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Blog: Disagreeing does not mean arguing



The number of senior salaried employees in the labour market is higher than ever. The negotiating organisation for senior salaried employees is also larger than ever. In our activities and lobbying, we must be able to respond to the fact that the role of senior salaried employees in the labour market is growing and, thereby, our role in lobbying is becoming increasingly important.

One noteworthy point is related to the activities of senior salaried employees in their workplaces. We are disagreeing a lot less with employers. At least, officially it seems to be so. In all branches, our shop stewards submit very few dispute memoranda, which are used to transfer disagreements between the labour market organisation.

When I listen to the shop stewards, I am not convinced at all that this is because there would be less disputes. For some reason, they are not “formalised” in a memoranda. If you feel like you don’t want to fight, that’s a shame.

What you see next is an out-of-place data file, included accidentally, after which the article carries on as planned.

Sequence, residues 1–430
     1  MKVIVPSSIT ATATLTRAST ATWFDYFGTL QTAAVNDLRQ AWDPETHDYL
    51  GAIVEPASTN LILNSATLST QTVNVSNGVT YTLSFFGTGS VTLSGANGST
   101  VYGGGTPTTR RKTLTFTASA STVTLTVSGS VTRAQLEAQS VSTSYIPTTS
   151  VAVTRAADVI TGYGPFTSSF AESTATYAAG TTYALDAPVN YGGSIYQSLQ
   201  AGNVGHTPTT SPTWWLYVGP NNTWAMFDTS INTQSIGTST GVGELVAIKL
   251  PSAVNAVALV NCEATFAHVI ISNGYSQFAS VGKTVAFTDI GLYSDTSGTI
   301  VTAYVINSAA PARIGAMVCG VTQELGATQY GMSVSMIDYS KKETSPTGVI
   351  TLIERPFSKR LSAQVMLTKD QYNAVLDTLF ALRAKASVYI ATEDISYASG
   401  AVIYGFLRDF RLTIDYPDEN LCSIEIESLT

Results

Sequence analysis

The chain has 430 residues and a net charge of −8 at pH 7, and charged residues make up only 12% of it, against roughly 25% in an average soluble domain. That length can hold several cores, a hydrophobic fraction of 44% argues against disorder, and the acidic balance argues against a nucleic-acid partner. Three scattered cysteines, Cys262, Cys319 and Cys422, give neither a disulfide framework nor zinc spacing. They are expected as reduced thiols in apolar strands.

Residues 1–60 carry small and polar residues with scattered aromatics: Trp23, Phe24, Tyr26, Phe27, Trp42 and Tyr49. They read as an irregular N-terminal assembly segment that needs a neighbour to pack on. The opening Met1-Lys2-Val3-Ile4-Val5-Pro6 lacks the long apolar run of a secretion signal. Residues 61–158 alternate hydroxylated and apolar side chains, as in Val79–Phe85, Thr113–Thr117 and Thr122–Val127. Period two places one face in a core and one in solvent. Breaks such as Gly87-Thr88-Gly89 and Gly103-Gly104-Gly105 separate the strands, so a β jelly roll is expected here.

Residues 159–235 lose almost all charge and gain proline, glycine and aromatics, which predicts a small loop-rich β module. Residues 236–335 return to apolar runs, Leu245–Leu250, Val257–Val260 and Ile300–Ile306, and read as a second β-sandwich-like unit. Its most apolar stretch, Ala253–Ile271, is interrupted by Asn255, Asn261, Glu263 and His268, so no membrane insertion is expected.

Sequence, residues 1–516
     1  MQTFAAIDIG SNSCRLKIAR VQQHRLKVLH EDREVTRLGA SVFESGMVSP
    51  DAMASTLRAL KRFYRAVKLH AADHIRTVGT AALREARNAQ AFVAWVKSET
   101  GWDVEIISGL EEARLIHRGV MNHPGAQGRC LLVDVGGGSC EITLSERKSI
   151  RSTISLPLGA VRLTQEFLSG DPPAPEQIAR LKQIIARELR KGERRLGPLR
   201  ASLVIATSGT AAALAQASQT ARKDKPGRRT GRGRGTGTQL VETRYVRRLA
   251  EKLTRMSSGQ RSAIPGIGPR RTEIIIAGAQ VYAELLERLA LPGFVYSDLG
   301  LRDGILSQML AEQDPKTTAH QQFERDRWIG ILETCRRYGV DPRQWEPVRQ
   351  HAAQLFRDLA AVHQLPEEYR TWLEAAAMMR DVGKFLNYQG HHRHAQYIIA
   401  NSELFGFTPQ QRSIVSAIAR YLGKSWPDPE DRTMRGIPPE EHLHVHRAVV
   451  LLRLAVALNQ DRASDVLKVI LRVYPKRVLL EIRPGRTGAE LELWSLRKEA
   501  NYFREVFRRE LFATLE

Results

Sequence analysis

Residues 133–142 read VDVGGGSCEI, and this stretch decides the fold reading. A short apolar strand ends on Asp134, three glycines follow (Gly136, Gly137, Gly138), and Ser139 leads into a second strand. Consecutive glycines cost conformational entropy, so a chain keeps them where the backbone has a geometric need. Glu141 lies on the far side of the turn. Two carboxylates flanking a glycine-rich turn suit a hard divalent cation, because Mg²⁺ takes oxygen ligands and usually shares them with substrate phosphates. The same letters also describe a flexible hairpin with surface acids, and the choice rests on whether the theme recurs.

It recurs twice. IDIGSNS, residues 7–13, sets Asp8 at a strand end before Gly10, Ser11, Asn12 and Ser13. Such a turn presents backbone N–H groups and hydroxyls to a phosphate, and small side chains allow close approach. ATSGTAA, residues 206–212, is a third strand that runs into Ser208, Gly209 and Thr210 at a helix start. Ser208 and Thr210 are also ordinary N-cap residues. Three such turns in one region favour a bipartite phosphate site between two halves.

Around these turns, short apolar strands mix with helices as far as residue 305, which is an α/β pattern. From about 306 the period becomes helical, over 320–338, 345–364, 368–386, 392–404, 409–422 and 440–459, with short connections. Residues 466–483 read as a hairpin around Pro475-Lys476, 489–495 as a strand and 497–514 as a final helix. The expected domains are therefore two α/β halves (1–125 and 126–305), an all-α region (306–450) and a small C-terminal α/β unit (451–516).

A dispute memorandum is not an argument, but the addressing of issues through a process. A memorandum will make it clear to the parties what the disagreement is about.

If there is disagreement on the interpretation of the agreements, it is worthwhile to disagree. If you cannot get sufficient information in the local salary negotiations or if the role of credit is otherwise ignored, it is advisable to raise the matter with the employer, and if the issue is not corrected, to draw up a dispute memorandum. Otherwise, we will once again hear from the employers that you do not seem to have any conflicts in the field, as there are no disputes.

If everything is going smoothly, it’s more than good. If there are disagreements, they should be addressed. You can get advice and help from the experts of your own YTN affiliate.

Disagreeing does not mean arguing.


Petteri Oksa
Negotiations manager, YTN

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